¶ 1 This case raises another question about rules of the road for drivers and bicyclists. Here, the bicyclist was riding in a bike lane, but in the direction opposed to the flow of traffic. He was injured when he was hit by a car turning onto the roadway from a parking lot. The jury found the driver not negligent.
¶ 2 The court instructed the jury as to the duties of both driver and cyclist under the statutes. As pertains to bicyclists, the statutes are not a model of clarity. But the instructions were proper, and the evidence supports the verdict. We therefore affirm.
¶ 3 Karen Shea was making a right turn from a supermarket parking lot into the northbound lanes of the Bothell-Everett Highway. John Borromeo was riding southbound in the adjacent bike lane. As she
¶ 4 That portion of the highway has two lanes of traffic in each direction, and an additional designated bicycle lane on each side. The bike lanes are separated from the main traffic lanes by a single solid white line. Where the collision occurred, the road is divided so that cars exiting the parking lot must turn right, traversing a sidewalk and the bicycle lane before reaching the traffic lanes.
¶ 5 Shea stopped her car before crossing the sidewalk, looked both to her left and her right, and then pulled her car to the edge of the bicycle lane. She remained stopped for about 10 seconds, awaiting a suitable break in traffic. It is undisputed that the weather was clear and sunny, the view northward was unobstructed, and Shea did not look north in the 10 seconds before she turned.
¶ 6 Riding south in the bicycle lane, Borromeo slowed as he approached the parking lot driveway. He believed Shea had seen him and was waiting for him to pass, so he proceeded. Borromeo had nearly crossed the driveway when Shea began her turn. Her left bumper hit Borromeo's rear tire.
¶ 7 At trial, Borromeo argued that a bicyclist in a bike lane is not subject to the rules of the road, and that Shea had a duty to see and avoid him. Shea emphasized that Borromeo was riding against the flow of automobile traffic, and that she reasonably did not anticipate that a cyclist might approach from that direction. She explained that there was another bicycle lane on the opposite side of the road, that markings painted on the bike lane would have been upside-down for a cyclist riding southbound, that signs on nearby sections of the same road indicated the bike lane was for northbound travel only, and that in her experience commuting along the route, she had never seen a cyclist riding southbound in that lane. The jury found Shea not negligent.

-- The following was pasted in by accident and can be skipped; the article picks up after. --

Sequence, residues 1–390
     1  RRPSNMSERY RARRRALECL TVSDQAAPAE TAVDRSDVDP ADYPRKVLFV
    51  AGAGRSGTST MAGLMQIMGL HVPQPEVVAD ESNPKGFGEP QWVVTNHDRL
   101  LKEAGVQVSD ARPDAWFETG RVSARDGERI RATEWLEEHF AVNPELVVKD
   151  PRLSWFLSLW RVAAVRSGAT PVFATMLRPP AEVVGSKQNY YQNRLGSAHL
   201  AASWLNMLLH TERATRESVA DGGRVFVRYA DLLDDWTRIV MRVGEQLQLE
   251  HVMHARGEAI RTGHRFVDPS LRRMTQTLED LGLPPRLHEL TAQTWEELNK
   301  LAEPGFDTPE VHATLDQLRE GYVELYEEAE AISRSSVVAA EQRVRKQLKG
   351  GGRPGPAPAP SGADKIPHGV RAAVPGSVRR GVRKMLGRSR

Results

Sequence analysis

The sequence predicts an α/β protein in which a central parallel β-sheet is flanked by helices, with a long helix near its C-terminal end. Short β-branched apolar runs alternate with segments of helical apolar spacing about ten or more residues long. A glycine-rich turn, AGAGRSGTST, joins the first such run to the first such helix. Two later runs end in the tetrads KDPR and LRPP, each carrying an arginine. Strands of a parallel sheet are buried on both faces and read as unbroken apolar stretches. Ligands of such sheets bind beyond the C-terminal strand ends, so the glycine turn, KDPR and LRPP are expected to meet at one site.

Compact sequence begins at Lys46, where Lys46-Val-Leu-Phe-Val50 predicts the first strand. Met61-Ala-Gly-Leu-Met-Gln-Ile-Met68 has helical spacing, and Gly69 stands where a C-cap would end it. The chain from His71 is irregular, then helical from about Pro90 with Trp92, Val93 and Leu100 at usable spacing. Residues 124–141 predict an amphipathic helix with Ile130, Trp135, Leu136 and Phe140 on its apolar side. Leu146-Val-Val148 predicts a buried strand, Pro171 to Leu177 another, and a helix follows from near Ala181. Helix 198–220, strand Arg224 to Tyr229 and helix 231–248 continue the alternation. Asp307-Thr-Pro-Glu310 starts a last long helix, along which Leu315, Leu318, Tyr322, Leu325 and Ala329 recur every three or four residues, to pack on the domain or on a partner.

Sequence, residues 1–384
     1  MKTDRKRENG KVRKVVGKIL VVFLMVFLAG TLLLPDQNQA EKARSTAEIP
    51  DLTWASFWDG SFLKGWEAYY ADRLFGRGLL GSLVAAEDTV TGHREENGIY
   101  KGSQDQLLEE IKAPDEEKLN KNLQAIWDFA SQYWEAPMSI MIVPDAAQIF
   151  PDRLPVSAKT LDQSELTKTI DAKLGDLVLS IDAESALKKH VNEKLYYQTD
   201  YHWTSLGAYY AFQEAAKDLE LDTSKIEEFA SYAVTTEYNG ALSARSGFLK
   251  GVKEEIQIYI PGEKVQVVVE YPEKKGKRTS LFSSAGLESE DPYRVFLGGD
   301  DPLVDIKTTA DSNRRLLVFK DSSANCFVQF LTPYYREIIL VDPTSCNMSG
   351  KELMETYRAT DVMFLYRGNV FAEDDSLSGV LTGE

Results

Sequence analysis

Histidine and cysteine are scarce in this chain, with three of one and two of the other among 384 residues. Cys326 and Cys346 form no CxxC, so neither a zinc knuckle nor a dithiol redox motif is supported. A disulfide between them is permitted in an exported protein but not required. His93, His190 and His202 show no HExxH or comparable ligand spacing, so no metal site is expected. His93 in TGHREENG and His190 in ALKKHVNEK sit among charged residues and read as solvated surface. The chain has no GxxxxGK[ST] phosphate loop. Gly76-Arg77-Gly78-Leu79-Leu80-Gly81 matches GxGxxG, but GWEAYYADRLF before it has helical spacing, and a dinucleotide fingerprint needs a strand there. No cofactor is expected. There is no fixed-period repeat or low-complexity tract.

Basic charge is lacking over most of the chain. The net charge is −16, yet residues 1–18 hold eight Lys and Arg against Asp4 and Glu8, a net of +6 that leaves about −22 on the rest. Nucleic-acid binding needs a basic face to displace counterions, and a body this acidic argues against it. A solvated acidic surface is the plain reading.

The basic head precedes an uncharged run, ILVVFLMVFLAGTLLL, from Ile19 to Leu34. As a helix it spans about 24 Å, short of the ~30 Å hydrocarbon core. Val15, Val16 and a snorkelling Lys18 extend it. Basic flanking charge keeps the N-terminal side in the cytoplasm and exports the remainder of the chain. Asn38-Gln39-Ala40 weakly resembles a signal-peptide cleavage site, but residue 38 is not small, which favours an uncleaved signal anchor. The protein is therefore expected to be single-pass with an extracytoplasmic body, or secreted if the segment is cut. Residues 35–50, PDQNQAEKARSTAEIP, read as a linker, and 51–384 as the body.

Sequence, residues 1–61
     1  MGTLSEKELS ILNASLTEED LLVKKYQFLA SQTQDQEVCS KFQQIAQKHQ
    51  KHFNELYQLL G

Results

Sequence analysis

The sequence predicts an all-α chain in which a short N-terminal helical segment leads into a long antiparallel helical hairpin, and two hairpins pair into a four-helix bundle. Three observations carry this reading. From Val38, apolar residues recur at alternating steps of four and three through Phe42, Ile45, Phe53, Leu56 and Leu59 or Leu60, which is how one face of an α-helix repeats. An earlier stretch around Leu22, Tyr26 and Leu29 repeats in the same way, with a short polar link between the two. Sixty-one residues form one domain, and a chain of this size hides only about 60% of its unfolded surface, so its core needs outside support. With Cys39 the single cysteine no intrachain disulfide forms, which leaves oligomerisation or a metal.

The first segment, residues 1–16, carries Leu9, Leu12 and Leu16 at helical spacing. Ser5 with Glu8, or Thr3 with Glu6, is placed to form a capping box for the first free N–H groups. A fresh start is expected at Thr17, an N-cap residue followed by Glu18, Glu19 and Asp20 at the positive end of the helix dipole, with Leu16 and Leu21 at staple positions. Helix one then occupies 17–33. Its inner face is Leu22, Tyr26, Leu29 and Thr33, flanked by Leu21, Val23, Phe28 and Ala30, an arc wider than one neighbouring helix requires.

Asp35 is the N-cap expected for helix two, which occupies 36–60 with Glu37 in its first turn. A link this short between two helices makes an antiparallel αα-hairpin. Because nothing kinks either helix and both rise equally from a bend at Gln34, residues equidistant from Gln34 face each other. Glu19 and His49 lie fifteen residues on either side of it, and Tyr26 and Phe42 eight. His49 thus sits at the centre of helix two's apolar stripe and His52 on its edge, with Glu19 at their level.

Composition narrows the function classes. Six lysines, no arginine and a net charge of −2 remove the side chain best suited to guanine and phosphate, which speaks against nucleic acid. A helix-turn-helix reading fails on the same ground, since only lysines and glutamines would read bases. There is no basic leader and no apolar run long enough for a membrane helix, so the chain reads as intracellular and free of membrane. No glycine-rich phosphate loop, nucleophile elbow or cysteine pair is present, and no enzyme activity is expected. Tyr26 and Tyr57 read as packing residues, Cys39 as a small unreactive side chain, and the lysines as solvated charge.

¶ 8 Borromeo appeals the judgment as well as the court's denial of his post-trial motion for judgment notwithstanding the verdict or new trial.
¶ 9 Instructions are proper when they permit the parties to argue their theories of the case, do not mislead the jury, and properly inform the jury of the applicable law.
¶ 10 The relevant statutes are RCW 46.61.755 and RCW 46.61.770. RCW 46.61.755 provides:
RCW 46.61.770 provides:
¶ 11 At issue are Instructions 12 and 13, and the court's refusal to instruct the jury that Borromeo had no duty to observe the rules of the road. Instruction 12 reads:
¶ 12 Instruction 13 reads:
These instructions accurately state the law.
¶ 13 Borromeo contends that these instructions were improper because a bike lane is not part of the roadway, and the court should have instructed the jury that he had no duty to observe the rules of the road. Thus, the central dispute is how to interpret the phrase "on a roadway" in RCW 46.61.755 and .770(1).
¶ 14 The statutes are not a model of clarity. In Pudmaroff v. Allen,
¶ 15 In this case, the judge left for the jury to decide whether Borromeo was riding on a roadway and therefore subject to the rules of the road. The court did not err in exercising its discretion to instruct according to the text of the existing statutes. We think, however, that the statutes do apply to cyclists in a bicycle lane such as the one on the Bothell-Everett Highway.
¶ 16 The prime objective in statutory construction is to effectuate legislative intent.
¶ 17 A bicycle is a vehicle.
¶ 18 This interpretation is consistent with RCW 46.61.770(1), which allows cyclists on a roadway to choose to ride in traffic through lanes, on the shoulder, or in designated bicycle lanes. (Borromeo did not object to the part of Instruction 13 setting forth that part of the statute.) A bicyclist in a marked, designated bicycle lane is on a roadway.
¶ 19 Borromeo next contends that the first sentence of Instruction 13 (bicyclists must use far side of right lane) was irrelevant because he was not in a traffic lane, and overemphasized the defense theory of the case by suggesting he should ride in the direction of automobile traffic.
¶ 20 The court included that sentence to provide context. Instructions may not be "`so repetitious and overlapping as to make them emphatically favorable to one party.'"
¶ 21 The court did not err in its instructions to the jury.
Motion for Judgment as a Matter of Law or New Trial
¶ 22 Judgment as a matter of law is appropriate only when, viewed in the nonmoving party's favor, the evidence is insufficient to sustain a verdict for that nonmoving party.
The jury was also instructed that even if Shea violated a statutory duty to yield to Borromeo, such a violation is not itself determinative but is evidence to be weighed on the question of negligence.
¶ 23 "Whether a person has exercised due care for the safety of other users of the highway is a factual issue to be determined only by the trier of facts."
¶ 24 Affirmed.
BECKER, COX, JJ, concur.